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Keyboard Festival to trace evolution from harpsichord through fortepiano to modern Steinway

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From page A9 | April 29, 2014 |

Craig-ColorW

UC Davis faculty harpsichordist Phebe Craig will take part in the Keyboard Festival at the Mondavi Center between May 1-5. Courtesy photo

Keyboard instruments have changed a lot over the past few centuries, and the UC Davis music department’s upcoming Keyboard Festival — with five events at the Mondavi Center between May 1 and 5 — will feature their evolution.

Showcased will be harpsichords, chamber instruments of the sort that were common during the early 1700s, when J.S. Bach was composing; a fortepiano, the instrument of choice during the career of Mozart in the late 1700s, and Beethoven in the early 1800s; and the larger, louder modern piano, created in the late 1800s, and sturdy enough to withstand the onslaught of a performance by a powerful virtuoso like Franz Liszt, with a sound big enough to fill a concert hall with more than 1,000 seats.

It will be a somewhat larger festival than the music department has put on in the past for other instruments. As faculty composer (and violist) Kurt Rohde put it, “Two years ago we talked about doing a Keyboard Festival, and it’s a little more involved than doing a Viola or Flute Festival, because there’s so much keyboard music, over so many decades. So it’s a more substantial series, over four days, with more artists.”

The series will start Thursday, May 1, with a free noontime concert in Jackson Hall, featuring members of the UCD Baroque Ensemble and the Davis High School Baroque Ensemble performing concertos for two harpsichords and four harpsichords by J.S. Bach.

The series continues Friday, May 2, at 7 p.m. with more chamber music, with UCD faculty harpsichordist Phebe Craig, Mills College fortepianist Belle Bulwinkle and early keyboard specialist Katherine Westine performing works by German Baroque composers J.S. Bach and his son W.F. Bach, French Baroque composers Francois Couperin and Jean-Philippe Rameau, and Classical era composers associated with Vienna like W.A. Mozart (a sonata for piano and violin), Josef Haydn (a fantasia), and Ludwig van Beethoven.

This program will give listeners an opportunity to compare the plucked-string sound of Italian-style harpsichord (“full of pizzazz,” as Craig put it) with the “smoother” French instruments, including the smaller-style harpsichord that existed in Couperin’s time, and the larger instrument that came later during Rameau’s day.

The fortepiano, which had hammers that hit the strings, created a new realm of musical possibilities that were explored by Mozart, Haydn and Beethoven. Tickets are $12-$17 general, $8 for students.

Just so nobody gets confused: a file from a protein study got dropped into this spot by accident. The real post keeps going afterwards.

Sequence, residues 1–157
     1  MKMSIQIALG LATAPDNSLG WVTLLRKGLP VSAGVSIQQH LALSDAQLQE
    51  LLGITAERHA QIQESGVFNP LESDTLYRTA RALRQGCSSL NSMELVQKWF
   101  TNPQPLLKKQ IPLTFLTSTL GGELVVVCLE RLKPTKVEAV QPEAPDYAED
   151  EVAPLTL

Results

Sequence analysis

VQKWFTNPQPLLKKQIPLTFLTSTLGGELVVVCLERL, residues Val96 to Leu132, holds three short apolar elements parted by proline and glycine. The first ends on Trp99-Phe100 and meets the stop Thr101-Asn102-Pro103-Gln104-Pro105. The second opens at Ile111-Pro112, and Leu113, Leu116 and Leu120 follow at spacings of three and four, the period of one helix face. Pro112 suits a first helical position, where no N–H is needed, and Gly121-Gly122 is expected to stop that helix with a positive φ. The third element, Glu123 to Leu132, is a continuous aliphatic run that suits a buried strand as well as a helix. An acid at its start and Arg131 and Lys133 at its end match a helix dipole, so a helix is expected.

Then on Saturday, May 3, at 7 p.m., the UCD Symphony Orchestra will premiere a new piano concerto by Swedish-born composer Mika Pelo, a member of the UCD music faculty, in Jackson Hall, performed by Bay Area pianist Eric Zivian.

Although not formally part of the Keyboard Festival, this concert certainly complements the festival theme. Tickets are $12-$17 general, $8 for students.

On Sunday, May 4, at noon, professor and musicologist Carol Hess will be joined by Belle Bulwinkle and Phebe Craig in a discussion of “the great evolution of keyboard instruments” that took place in the 18th century, as the fortepiano developed into an instrument that could play both loud and soft, and the “significant changes in keyboard technique” that resulted.

After the discussion, guests can inspect (and even gently play a few notes on) several harpsichords, a clavichord and a fortepiano that will be on display.

“It will be like the family tree of keyboard instruments,” Craig said. “But even though the instruments may look somewhat similar, there is a gulf between them.”

This is a free event.

At 3 p.m. Sunday, May 4, there will be a free recital in the Vanderhoef Studio Theatre featuring faculty pianists Lois Brandwynne, Michael Seth Orland and Marilyn Swan, who will take turns performing a variety of works by Beethoven, Brahms, Debussy, Messiaen, Rachmaninoff and more, which were composed with the more modern versions of the piano in mind.

Then the festival will conclude that evening at 7 p.m. with a recital on fortepiano and piano by Eric Zivian. The program includes several short works composed for fortepiano by Muzio Clementi, Mozart and Beethoven (the Sonata in C Major No. 2, with Zivian and cellist Tanya Tomkins), performed on a copy of a 1795 instrument.

Then Zivian will move to a modern Steinway, and perform short works by UCD faculty composers Christian Baldini and Kurt Rohde, works by French Impressionist composers Claude Debussy and Maurice Ravel, and other works. Tickets are $12-$17 general, $8 for students.

 

 

 

 

 

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